The Utah Highway Patrol and state corrections officers can no longer use chokeholds on people in custody, Gov. Gary Herbert said Thursday — and he’s urging law enforcement agencies around the state to institute a similar ban.

“No state public safety or corrections officer is permitted to use chokeholds or restraints that pressure the neck or the spine,” Herbert said Thursday, addressing police brutality and bias at a news conference meant to be focused on the state’s response to the coronavirus pandemic.

Herbert said he has directed Jess Anderson, the state’s commissioner of public safety, and Mike Haddon, executive director of the Department of Corrections, to enforce the new policy.

Juvenile Justice Services, which oversees the state’s youth offenders, also updated its policies Thursday to exclude chokeholds and using the knee to hold down someone’s head, neck or diaphragm, director Brett Peterson said.

He said its staff have always been barred from using restraint techniques that restrict blood flow and breathing, but the new language is more explicit about what is prohibited.

The new policy also mandates that any staff who sees someone using the prohibited holds must intervene and report the violation.

The governor’s move comes the day after Salt Lake City police banned chokeholds and the use of tear gas.

Herbert promised to convene the state Legislature next week to in part debate bills about law enforcement policies. He also brought two multicultural officials into his executive leadership group.

Herbert took these steps Thursday in reaction to the death of George Floyd, a black man who died while in police custody in Minneapolis when an officer pressed his knee into Floyd’s neck for nearly nine minutes. When “egregious” acts by law enforcement happen, Herbert said, “it adds to the divisiveness that we have and should not want in our society.”

“We have far too many people, even here in Utah, who do not have the dignity of fairness” promised by the U.S. Constitution, Herbert said.

The governor praised efforts in Utah to try to remedy inequities. He touted the passage of hate-crimes legislation, efforts to end discrimination and add protections for LGBTQ populations, and programs to aid refugees and immigrants.

He acknowledged, though, that those efforts are not enough. “Far too many of our multicultural communities continue to experience discrimination, and we in Utah can do better,” Herbert said.

Herbert will meet again with the state’s Martin Luther King Commission and the Multicultural Commission in early July, after a listening session last week ended without action.

“In the meantime, there are things we can do now to make a difference,” he said.

Herbert announced that Nubia Peña, director of the Utah Division of Multicultural Affairs, and Dustin Jansen, head of the Utah Bureau of Indian Affairs, will now report directly to him and join his regular leadership meetings, ensuring an ongoing seat at the table.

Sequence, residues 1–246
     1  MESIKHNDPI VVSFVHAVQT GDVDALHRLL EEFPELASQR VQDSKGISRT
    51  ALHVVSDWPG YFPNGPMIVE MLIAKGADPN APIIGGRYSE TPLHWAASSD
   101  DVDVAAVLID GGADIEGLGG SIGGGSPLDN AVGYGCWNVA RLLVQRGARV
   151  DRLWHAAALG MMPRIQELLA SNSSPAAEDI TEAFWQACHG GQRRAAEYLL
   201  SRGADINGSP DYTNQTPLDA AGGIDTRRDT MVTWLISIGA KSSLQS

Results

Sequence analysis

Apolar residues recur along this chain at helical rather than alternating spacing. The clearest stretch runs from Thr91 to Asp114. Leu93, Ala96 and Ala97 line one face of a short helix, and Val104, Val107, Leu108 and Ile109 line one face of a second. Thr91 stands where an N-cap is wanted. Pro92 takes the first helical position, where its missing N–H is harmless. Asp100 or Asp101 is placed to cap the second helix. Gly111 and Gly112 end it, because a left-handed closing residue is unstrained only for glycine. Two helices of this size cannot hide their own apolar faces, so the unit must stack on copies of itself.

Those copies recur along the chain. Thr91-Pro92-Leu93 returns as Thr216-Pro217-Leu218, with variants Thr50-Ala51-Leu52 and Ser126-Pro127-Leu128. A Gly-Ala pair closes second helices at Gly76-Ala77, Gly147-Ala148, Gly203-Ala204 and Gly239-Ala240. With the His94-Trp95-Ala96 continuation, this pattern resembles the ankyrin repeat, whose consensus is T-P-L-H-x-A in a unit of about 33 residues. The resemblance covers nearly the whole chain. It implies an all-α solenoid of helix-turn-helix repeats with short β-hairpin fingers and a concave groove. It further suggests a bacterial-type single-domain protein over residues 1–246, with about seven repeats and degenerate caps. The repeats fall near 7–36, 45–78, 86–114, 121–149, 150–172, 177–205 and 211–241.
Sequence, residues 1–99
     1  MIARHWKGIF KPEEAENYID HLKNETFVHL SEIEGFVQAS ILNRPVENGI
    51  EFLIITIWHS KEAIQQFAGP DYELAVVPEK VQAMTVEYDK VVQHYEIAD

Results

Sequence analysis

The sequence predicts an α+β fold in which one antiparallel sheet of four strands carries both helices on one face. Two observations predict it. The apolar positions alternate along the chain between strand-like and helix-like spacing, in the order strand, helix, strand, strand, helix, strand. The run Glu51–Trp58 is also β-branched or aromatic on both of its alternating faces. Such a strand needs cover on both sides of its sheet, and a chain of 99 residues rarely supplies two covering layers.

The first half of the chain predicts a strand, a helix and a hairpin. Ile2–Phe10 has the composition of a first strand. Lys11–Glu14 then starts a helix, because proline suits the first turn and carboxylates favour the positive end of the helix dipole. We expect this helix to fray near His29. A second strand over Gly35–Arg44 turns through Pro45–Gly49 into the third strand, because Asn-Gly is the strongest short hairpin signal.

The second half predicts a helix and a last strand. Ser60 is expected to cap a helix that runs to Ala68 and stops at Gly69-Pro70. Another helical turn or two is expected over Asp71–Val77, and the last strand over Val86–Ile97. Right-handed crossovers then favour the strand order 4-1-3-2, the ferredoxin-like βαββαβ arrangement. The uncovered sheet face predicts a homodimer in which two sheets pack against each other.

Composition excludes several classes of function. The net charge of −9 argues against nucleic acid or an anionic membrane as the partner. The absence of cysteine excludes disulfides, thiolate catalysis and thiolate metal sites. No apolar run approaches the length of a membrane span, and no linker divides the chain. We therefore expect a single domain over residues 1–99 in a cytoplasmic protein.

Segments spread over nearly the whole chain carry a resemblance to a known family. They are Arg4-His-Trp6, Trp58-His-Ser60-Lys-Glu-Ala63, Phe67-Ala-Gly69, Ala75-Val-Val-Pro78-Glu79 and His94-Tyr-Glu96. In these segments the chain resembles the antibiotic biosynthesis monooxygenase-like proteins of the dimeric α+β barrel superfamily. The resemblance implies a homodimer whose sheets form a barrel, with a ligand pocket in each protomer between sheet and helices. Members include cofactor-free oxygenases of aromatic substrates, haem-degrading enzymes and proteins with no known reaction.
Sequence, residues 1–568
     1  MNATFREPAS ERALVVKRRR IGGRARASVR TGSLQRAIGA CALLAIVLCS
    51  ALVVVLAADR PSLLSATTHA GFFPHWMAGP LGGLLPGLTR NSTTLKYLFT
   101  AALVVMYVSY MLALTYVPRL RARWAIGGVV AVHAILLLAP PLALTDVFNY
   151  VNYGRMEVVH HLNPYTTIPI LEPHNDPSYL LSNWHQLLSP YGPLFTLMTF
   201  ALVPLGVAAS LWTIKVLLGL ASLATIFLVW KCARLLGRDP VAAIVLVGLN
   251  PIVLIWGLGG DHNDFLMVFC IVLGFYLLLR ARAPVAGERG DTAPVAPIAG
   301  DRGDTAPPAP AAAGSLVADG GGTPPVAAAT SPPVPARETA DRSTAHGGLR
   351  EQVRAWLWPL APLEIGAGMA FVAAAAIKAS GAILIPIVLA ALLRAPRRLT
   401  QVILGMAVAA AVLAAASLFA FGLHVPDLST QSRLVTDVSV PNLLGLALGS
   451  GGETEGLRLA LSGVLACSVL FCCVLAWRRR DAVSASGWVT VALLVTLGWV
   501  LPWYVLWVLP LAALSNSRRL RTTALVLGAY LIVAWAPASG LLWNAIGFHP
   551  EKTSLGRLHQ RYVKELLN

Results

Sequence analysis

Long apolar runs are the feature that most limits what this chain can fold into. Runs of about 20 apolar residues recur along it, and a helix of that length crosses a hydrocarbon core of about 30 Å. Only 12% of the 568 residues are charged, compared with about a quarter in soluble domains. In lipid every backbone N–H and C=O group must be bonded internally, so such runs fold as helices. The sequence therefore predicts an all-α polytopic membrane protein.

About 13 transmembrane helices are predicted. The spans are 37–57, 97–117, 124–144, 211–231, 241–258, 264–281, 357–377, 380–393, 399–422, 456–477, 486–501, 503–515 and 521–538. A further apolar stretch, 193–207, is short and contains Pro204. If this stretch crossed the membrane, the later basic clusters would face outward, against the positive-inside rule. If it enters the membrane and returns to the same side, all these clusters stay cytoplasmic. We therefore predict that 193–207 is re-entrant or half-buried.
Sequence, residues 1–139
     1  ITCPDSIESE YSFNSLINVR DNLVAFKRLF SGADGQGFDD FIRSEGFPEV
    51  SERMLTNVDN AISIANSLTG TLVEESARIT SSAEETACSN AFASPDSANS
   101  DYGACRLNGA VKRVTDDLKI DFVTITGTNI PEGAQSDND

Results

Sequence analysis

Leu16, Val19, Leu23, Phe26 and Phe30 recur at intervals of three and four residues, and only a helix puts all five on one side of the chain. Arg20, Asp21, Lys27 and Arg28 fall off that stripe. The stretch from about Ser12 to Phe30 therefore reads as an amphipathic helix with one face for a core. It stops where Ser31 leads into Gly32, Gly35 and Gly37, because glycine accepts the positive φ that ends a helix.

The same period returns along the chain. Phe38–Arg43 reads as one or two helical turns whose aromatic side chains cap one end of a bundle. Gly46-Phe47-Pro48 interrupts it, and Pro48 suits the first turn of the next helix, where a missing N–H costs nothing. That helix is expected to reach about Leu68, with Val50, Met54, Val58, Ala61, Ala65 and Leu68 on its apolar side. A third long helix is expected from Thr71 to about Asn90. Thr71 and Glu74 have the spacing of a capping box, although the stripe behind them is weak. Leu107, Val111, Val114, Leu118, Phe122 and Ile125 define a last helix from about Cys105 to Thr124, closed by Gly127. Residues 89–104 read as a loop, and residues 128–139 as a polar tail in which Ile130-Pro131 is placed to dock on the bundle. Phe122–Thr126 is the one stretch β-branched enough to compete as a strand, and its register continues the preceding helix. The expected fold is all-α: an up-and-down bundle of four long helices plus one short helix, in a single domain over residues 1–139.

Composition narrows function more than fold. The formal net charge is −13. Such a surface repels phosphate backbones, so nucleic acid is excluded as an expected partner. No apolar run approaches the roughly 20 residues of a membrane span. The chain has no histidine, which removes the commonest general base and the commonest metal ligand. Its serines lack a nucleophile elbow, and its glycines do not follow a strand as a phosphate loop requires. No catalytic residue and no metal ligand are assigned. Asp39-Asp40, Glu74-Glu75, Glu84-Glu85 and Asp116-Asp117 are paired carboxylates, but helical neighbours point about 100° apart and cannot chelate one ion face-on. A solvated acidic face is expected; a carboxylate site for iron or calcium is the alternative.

Herbert added more details on Twitter about efforts to address racism in the state, saying that he plans to provide implicit bias training to state government officials, beginning at his next cabinet meeting in July and going through “each successive layer of leadership in our executive branch of government."

Finally, Herbert said he was directing Anderson, the public safety commissioner, to identify other ways law enforcement can decrease fear and anger in underrepresented communities and also increase transparency and accountability throughout the state.

Anderson will report those findings to the governor July 1.

“Utah was founded as a place of refuge for those seeking escape from hatred and persecution,” he concluded. “We can do better to live up to that ideal in our daily actions and in our policies that we create.”

While changes in government policy are important, Herbert said at his news conference that “of a greater concern to me is what we need to be doing to change hearts and minds.”

Herbert’s comments came Thursday as protesters geared up for another night of demonstrations in the city, where people have taken to the streets 12 times in the past 13 days.

Protesters first gathered to protest the killing of Floyd, but have more recently been calling for police here to lose some funding, and for the Salt Lake City police officers who shot and killed 22-year-old Bernardo Palacios-Carbajal last month to be identified, charge and fired.

Video shows Palacios-Carbajal was running from officers, who fired more than 20 shots at him.

On Thursday evening, several thousand people converged at Liberty Park around 6 p.m. for an event billed as “a peaceful skateboard protest.” After a few brief speeches centered around the theme of solidarity, and promoting the idea of letting their sheer numbers do their speaking for them, the protesters took off — mostly on skateboards, bicycles and roller skates — toward Salt Lake City Hall. There, organizers led the peaceful crowd in several chants, culminating with a “Whose Streets? Our streets!” refrain.

Tribune reporters Paighten Harkins and Eric Walden contributed to this story.